Central America | Panama – Heart of the Comarca
Heart of the Comarca, is what they call Kankintu. The only way to arrive is as we did, hiking over the mountains, or 6 hours by boat from the Carribean port Chiriqui Grande. Two hours across the Chiriqui Grande bay, and up the Rio Cricamola for 4 hours, thru thick heart of darkness-like jungle, and all of a sudden, you are in a city! In the middle of nowhere! A Ngabe metropolis.
Kankintu has around 2000 people, 40 teachers, huge health center, and a generator for electricity at night. I couldn’t believe it when I saw powerlines! But this is the part that amazes everyone: sidewalks! It was almost enought to make you forget you were in the Comarca, except of course, for the sea of Ngabe faces surrounding you. Kankintu is so big it even has different named neighborhoods, or barrios. The barrios I got to see were Alemania, Michigan, and Dos Mujeres. I dont know where they got the names. Rebecca lives in Dos Mujeres. So altho it is so big it is not representative of any Ngabe town, it is definately the heart of this whole side Comarca.
We celebrated by having a huge lunch of jonnie cakes. These are dense, flat, round pieces of bread, delicious! They only make them on the Bocas side. I wish they made them in Chami. So we had jonnie cake and tuna sandwiches, and layed around in hammocks recovering from the hike.
Later, Rebecca showed us around. She took us to her friends’ houses, the school, health center, the river where we would catch a boat out (and this is where we bathed and washed our sweaty clothes). And we went into a Nutrehogar, the government/Catholic church funded nutrition center, that has a rehabilitation center for babies. So we went into the building, dim, because the electricity is only on at night. There was a whole row of ten cute babies in high chairs being fed! It was so cute, I almost wanted to take a picture. Then my eyes adjusted to the light and I could see the babies clearly- they either were so skinny their bones were sticking thru their skin, or malnourished so that their bellies were huge and swollen with worms. It was such a sad sight. It made me feel guilty for being born into a position where one could go for 4 day long hikes just for fun.
Later that night, we had more jonnie cakes and played cards around Rebecca’s table by headlamp. She doesnt have electricity. The town doesnt have running water either, and the water table is too high for pit latrines. Lots of organizations are working here on composting latrines. But Rebecca uses the bucket system. She has a nice seat built over a 10 gallon bucket. Pee just goes into the ground where it is soaked up (its sterile), and solid waste goes in the bucket! However, then you cover it with ashes and dirt, from another bucket, and its totally covered up, no smell, no flies, nothing. Its actually much cleaner than any pit latrine. When its full, its dumped into a compost pile, everything carefully covered with ashes and dirt so the surface is all dry, and in six months, you have compost for plants! Its very efficient, as long as you are very careful.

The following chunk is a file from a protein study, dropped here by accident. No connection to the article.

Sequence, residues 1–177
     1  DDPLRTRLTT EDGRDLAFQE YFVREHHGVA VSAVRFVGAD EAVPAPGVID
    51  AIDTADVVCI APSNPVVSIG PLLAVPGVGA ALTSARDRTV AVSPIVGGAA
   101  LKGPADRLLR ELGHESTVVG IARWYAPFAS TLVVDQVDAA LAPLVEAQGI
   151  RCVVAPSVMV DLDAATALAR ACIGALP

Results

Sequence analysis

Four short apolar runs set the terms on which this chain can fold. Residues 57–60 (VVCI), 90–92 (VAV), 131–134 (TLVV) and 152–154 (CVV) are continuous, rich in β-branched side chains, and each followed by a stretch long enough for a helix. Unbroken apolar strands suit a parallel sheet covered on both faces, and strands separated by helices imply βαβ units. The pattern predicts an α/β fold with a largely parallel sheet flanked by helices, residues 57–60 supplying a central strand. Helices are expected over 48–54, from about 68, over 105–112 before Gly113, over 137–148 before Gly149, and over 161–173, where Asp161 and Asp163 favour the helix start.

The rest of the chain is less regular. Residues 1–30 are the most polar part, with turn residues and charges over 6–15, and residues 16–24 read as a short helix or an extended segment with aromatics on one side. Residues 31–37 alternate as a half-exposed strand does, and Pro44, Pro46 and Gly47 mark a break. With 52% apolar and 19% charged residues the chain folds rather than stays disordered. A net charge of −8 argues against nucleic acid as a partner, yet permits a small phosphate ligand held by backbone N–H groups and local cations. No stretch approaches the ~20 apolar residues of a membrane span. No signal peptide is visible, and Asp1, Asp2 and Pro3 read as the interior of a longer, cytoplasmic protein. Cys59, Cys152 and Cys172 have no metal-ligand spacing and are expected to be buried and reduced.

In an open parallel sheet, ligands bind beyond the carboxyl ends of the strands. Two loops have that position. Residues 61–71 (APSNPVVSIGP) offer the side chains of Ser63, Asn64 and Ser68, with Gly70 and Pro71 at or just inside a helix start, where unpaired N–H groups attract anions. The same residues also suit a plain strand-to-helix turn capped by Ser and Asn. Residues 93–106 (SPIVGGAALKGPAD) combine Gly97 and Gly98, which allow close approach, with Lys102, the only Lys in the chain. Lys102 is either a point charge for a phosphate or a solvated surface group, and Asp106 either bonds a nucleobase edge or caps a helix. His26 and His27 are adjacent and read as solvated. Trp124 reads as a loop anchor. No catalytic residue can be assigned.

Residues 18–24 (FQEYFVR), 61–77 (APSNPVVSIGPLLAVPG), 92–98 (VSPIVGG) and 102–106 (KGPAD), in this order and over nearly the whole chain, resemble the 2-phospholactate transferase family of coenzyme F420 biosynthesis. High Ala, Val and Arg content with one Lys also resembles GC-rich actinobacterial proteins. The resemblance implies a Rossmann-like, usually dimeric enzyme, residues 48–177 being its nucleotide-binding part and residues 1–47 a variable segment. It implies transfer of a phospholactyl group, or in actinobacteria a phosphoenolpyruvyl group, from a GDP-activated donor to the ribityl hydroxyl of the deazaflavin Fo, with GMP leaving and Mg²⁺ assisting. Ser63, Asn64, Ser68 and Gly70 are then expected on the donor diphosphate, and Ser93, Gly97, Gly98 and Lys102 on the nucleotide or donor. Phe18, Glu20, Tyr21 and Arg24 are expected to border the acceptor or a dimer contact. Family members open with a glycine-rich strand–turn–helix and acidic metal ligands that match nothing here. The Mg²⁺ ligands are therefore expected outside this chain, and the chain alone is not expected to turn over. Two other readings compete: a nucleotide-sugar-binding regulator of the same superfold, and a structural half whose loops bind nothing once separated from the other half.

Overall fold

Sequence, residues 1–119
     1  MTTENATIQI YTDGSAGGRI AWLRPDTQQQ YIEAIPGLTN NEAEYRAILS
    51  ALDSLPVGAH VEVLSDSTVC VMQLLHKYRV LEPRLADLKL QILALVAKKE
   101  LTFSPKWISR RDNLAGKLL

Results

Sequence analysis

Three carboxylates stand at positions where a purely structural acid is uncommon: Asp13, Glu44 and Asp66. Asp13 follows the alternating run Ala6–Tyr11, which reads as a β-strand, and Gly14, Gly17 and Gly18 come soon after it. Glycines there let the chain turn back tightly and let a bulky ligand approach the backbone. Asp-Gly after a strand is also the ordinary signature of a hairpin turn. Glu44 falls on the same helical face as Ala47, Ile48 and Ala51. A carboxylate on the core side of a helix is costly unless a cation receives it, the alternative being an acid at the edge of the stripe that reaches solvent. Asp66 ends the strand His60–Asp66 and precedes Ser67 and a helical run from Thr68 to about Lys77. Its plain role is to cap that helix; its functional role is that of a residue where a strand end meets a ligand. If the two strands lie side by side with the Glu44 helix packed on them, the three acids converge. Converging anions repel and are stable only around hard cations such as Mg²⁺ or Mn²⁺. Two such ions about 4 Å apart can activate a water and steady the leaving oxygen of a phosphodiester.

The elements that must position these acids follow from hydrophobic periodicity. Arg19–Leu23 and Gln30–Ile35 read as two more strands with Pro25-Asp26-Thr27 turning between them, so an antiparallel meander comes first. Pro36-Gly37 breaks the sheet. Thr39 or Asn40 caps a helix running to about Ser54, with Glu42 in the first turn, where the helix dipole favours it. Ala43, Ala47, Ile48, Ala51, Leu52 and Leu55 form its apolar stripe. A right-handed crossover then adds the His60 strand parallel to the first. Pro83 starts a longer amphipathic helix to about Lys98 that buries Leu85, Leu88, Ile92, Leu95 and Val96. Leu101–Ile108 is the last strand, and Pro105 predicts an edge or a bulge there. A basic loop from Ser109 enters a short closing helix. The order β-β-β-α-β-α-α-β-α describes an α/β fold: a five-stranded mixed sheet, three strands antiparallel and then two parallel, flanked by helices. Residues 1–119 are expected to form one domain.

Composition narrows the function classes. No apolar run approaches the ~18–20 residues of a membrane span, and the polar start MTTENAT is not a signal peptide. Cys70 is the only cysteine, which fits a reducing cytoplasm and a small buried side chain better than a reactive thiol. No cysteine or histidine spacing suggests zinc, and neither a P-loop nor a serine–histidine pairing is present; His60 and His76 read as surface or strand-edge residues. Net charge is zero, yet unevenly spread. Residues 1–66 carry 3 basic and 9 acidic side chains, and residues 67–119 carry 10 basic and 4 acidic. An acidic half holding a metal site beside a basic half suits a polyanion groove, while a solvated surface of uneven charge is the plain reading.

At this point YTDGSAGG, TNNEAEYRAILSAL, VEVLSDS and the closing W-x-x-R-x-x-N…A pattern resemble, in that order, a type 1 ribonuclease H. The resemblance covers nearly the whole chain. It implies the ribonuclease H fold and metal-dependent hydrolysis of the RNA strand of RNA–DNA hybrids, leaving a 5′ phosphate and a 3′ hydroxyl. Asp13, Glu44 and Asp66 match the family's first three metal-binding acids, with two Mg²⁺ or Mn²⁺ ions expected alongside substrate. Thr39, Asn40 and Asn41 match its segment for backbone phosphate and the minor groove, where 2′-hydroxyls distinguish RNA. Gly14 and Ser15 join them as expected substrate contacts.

The boats leave Kankintu at six in the morning. So it was an early night, and early morning to be at the Rio Cricamola to catch a lancha, a long, hollowed out tree trunk, with a motor on back. We said goodbye to Rebecca and the Heart of the Comarca, and were off downriver as the sun rose.
However, the river was so dry (its the dry season on the Carribean side, the opposite of the Pacific, where I live) we promptly had to get out and walk along shore for 20 mintues until it got deeper. A few more times, we had to get out and wade and push the boat. In their rainy season, they say the river is huge and scary, there are big rapids the lanchas actually have to navigate, going upstream and down! After about three hours, we arrived at a little rundown shack on stilts over the river. We stopped there for a few containers of gas, and a gross breakfast of fried fish and bad coffee. But I was hungry.
Back in the boat, few minutes later we reached the mouth of the Rio Cricamola, we were at the ocean! It was another couple hours across the bay, to Chiriqui Grande. Thats where the rest of us said goodbye and went our seperate ways. I was going to back to the Pacific side, so I caught a taxi to the gas station where you catch buses, then a two and a half hour bus ride over the mountains to David. The next day, back to Chami, to tell my friends there about the hike.